It was in 1960 -- while Sinatra, Martin, Davis, Lawford and Bishop were in Las Vegas filming "Ocean's 11," a comedy about a scheme to rob five casinos in a single night -- that they performed nightly at the Sands in what was dubbed "the Summit."

Theirs was a freewheeling show in which Davis might mash a cake in Bishop's face and Martin would lift up Davis and hand him to Sinatra, saying, "This is an award that just arrived for you from the NAACP."

In 1998, the same year Sinatra died, the Rat Pack's glory days underwent a revival of interest with the publication of several books and an HBO movie, "The Rat Pack," in which comedian Bobby Slayton played Bishop.

The renewed interest in the Rat Pack continued when "Ocean's 11" was remade into a star-studded, sequel-spawning 2001 hit starring George Clooney, Brad Pitt, et al.

Those events, along with Bishop's old sitcom turning up on cable's TV Land, spurred a succession of reporters to pass through the then-80-year-old comic's waterfront home in Newport Beach. Bishop, who wrote most of the material for the Rat Pack's stage act, was quick to remind visitors of the important role he played. And he always had proof within reach.

He'd pull out a copy of a 1960 Time magazine article that said, "Theoretically, Joey has bottom billing -- fifth man after the show's four stars. But happily, as soon as he starts talking he's recognized as the top banana in the newly assembled comedy act that is breaking up Vegas."

The magazine quoted Sinatra himself as saying that the nightly "meetings could not have come off without the speaker of the house, Joey Bishop, the hub of the big wheel."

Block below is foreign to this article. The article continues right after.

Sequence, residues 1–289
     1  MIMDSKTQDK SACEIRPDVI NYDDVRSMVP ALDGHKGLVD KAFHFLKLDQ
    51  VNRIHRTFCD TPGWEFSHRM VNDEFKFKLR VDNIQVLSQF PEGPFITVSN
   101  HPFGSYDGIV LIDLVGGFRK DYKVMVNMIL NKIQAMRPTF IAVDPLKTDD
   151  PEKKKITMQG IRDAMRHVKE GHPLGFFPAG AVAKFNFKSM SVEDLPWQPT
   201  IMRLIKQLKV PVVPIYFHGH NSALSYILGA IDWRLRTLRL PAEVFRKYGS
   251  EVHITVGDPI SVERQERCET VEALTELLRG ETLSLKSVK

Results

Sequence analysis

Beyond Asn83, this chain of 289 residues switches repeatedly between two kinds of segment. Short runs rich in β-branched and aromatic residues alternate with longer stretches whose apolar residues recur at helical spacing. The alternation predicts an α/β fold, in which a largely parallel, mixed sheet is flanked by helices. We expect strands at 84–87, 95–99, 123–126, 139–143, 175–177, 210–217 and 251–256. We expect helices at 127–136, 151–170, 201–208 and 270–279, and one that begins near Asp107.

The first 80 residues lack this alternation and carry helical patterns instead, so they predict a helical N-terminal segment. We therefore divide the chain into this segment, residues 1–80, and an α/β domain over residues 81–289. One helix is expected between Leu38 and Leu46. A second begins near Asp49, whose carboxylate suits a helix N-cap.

Bishop would also reach for journalist Richard Gehman's 1963 book "Frank Sinatra and the Rat Pack." He knew which page to turn to:

"Bishop is the only member of Sinatra's gang who can tell the leader what to do with himself and not only get away with it, but actually and incredibly enough become more firmly entrenched in favor."

Indeed, Bishop could get away with delivering the line: "Mr. Sinatra will now speak of some of the good things the Mafia has done."

On stage, he was never at a loss for words.

While opening for Sinatra at the Copacabana in New York in 1954, Bishop was in the middle of his act when Marilyn Monroe walked in wearing a floor-length, white ermine coat. Bishop waited for her to be seated before saying, "Marilyn, I told you to wait in the truck."

Bishop, whose wife of 58 years died of cancer in 1999, is survived by his son, Larry; two grandchildren; and companion Nora Garibotti.

Services will be private.

Instead of flowers, the family requests that contributions be made to the Wetlands and Wildlife Care Center of Orange County in Huntington Beach.

dennis.mclellan@latimes.com